Reopening of nightclubs good news but ‘too late’ for Algarve, says association boss

The reopening of nightclubs on October 1, the day Portugal will lift most of its pandemic restrictions, has been described as “good news” albeit coming too late for the Algarve.

The president of the Association of Discos of the South and Algarve (ADSA), Liberto Mealha, told Lusa news agency last week: “This should have happened earlier. It’ll be good for my counterparts in other parts of Portugal, but here in the Algarve it won’t help us much.”

With the busiest months in the Algarve already over, the region is now visited by “tourists of an older age group who do not go out at night. These clients are not enough to justify keeping nightclubs open,” he added.

“Around 80% of (nightlife) businesses will close at the end of October. Then we have four months where nothing much happens in the Algarve, which are November, December, January and February, with the exception of New Year parties,” Mealha said, stressing however that it is still good news.

“In fact, it is better than we expected. The end of all these restrictions was fundamental. Opening a nightclub without access to the dance floor or bar area would be pointless,” he said.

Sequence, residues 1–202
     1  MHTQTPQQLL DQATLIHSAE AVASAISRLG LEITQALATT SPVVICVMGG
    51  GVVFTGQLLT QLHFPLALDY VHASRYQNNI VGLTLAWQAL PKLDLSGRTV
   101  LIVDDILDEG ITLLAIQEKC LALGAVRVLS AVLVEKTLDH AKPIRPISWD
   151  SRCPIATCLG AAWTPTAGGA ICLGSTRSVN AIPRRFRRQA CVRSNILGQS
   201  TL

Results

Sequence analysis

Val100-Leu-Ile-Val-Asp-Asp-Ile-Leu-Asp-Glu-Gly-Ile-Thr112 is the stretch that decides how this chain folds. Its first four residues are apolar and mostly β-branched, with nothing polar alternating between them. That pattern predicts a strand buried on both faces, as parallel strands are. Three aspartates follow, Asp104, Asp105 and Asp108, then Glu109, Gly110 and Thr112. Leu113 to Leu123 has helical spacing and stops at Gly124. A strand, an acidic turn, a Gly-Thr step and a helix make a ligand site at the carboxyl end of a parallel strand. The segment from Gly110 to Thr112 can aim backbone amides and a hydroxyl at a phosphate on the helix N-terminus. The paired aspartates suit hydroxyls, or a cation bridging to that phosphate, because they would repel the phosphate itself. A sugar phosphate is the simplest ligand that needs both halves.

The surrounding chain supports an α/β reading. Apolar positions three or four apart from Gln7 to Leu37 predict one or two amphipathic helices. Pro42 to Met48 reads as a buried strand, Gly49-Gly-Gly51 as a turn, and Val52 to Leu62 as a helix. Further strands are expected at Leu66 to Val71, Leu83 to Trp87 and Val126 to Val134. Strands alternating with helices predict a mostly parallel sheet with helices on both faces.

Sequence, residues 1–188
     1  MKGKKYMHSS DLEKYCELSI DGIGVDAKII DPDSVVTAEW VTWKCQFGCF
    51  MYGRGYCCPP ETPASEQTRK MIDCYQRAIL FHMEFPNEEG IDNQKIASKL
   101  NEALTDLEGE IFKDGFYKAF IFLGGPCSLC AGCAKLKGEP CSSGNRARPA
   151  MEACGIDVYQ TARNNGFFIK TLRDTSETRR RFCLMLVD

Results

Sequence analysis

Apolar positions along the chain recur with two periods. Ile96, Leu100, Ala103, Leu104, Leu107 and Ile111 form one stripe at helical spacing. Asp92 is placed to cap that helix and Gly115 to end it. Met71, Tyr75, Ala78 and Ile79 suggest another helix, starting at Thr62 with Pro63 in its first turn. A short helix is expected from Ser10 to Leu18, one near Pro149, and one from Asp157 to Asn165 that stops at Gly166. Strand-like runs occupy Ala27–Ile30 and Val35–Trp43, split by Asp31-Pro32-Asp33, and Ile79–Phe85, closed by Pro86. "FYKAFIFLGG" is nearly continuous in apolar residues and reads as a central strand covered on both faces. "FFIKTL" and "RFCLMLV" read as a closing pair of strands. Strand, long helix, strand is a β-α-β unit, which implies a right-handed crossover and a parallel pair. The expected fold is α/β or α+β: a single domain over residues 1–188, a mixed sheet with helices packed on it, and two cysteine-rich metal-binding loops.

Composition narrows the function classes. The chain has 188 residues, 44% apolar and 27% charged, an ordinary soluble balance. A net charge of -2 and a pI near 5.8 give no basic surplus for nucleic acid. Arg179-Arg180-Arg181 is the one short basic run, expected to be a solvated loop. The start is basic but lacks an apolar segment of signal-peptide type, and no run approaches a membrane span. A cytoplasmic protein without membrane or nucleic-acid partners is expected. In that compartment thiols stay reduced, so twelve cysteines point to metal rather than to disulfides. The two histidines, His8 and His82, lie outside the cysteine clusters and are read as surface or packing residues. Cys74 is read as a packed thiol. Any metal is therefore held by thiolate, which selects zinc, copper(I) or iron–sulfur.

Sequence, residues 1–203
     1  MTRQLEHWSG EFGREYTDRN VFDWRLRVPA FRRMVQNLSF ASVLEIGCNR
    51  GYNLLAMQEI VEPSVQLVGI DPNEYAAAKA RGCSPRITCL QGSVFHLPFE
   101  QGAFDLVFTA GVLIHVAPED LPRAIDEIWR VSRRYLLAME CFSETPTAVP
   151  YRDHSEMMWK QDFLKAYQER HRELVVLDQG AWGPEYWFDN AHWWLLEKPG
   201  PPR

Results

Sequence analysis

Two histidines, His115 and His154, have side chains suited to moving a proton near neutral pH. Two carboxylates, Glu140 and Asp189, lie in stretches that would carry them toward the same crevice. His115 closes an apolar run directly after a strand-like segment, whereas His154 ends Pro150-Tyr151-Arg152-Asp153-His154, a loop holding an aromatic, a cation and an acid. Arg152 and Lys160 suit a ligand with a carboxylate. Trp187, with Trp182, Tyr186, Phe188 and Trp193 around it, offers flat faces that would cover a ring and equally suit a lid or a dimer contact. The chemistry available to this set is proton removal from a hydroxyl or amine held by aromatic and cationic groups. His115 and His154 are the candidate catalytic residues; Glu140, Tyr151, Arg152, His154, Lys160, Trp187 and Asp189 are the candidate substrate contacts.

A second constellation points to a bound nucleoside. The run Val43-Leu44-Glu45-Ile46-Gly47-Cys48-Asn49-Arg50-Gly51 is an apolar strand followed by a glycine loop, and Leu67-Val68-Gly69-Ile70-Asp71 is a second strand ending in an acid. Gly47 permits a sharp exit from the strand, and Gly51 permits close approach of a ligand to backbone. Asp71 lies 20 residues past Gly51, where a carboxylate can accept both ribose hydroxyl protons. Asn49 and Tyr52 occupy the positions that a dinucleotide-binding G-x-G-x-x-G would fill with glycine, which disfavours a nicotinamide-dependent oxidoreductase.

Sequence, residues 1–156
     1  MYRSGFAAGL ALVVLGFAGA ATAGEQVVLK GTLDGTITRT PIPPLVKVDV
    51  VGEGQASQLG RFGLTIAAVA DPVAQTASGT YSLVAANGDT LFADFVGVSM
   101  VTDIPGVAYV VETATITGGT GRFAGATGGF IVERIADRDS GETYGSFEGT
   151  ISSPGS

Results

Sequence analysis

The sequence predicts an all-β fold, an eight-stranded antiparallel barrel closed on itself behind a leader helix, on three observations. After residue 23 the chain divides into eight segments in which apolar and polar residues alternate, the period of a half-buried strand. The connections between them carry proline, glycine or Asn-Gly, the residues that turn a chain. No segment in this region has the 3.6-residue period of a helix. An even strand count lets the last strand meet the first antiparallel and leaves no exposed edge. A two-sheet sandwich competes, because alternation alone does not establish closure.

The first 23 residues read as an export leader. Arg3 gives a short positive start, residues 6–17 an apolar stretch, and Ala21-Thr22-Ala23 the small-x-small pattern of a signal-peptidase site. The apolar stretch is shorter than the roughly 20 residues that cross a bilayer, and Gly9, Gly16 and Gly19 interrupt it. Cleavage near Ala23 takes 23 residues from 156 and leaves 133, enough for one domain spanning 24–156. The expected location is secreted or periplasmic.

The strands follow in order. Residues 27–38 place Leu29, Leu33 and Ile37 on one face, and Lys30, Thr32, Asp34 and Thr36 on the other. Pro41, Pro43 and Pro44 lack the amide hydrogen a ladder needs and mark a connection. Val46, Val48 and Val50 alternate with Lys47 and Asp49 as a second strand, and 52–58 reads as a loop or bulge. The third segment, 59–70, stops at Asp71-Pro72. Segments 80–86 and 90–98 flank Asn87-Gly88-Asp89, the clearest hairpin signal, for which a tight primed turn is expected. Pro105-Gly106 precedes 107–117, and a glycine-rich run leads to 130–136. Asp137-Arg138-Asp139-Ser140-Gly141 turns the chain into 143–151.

Liberto Mealha nevertheless agrees with the decision to demand a Covid Digital Certificate or a negative test at the entrance of discos.
“We have to get used to the idea that this certificate is a second passport in our lives now and that we are finally returning to normal,” the ADSA president told the news agency.

However, he regrets that many businesses didn’t last long enough to see ‘Freedom Day’ arrive.

“It is sad to see so many nightlife businesses permanently shutting their doors, because life isn’t just about work. We need to have fun sometimes, and the disappearance of these establishments won’t contribute, in any way, to the quality of life of citizens,” Mealha said.

Liberto Mealha also believes the reopening of discos and bars (in Portugal, bars, as opposed to ‘snack bars’, only serve drinks) will help prevent youngsters from crowding the streets, a reality now in cities such as Lisbon which has raised concern among local residents and businesses due to excessive noise and incidents of violence.

“This happens when people have nowhere else to go. From now on, I believe this trend will end,” he said.

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